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Cholera Outbreak: NCDC Warns Of Contaminated Water Sources

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Cholera outbreak
Children fetching polluted, contaminated water.

The Nigeria Centre for Disease Control and Prevention (NCDC) has warned about the potential spread of cholera through contaminated water sources. Cholera can occur when sewage mixes with drinking water supplies, posing severe health risks.

Director-general of NCDC, Dr. Jide Idris highlighted the increase in cholera cases in some states of Nigeria and urged authorities and citizens to take immediate precautions. He emphasised the need for proper water treatment before consumption and recommended boiling water and using water purification tablets to reduce the risk of infection.

The NCDC continues to monitor the situation closely and is collaborating with state governments to implement measures to control the spread of the disease. Public awareness campaigns are also underway to educate people on the importance of safe water practices and hygiene.

As of June 11, 2024, a total of 1,141 suspected and 65 confirmed cases of cholera with 30 deaths have been reported from 96 LGAs in 30 states. The 10 states that contributed 90 percent to the burden of cholera include Bayelsa, Zamfara, Abia, Cross River, Bauchi, Delta, Katsina, Imo, Nasarawa and Lagos states. The NCDC, along with other partners, is providing support to the affected states, which includes risk communication, active case search, laboratory diagnosis, case management, provision of response commodities, water sanitation and hygiene (WASH) interventions and dissemination of cholera awareness information in both English and local languages.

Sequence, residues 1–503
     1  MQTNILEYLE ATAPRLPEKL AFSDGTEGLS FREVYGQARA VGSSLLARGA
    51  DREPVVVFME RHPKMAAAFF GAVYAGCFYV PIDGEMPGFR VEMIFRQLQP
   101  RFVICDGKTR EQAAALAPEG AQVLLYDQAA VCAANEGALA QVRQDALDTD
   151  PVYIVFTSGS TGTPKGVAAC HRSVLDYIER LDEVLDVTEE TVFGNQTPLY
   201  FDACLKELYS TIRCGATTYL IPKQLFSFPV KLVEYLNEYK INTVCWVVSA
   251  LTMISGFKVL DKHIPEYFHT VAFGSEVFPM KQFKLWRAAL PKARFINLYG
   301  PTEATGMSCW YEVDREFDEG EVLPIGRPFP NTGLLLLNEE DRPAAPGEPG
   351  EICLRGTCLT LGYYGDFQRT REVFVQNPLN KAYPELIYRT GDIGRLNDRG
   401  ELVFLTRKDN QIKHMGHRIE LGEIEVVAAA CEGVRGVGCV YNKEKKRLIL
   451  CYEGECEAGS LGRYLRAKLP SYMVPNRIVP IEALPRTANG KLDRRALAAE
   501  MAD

Cholera outbreaks in Africa have affected 18 countries in the last two years, with over 6,000 deaths and nearly 350,000 cases reported in southern and eastern Africa. Cholera is a deadly diarrheal disease particularly affecting impoverished areas with poor access to safe water and sanitation. It is important to be aware of the risk factors and take preventive measures such as ensuring safe water, sanitation, hygiene, and the use of oral cholera vaccines.

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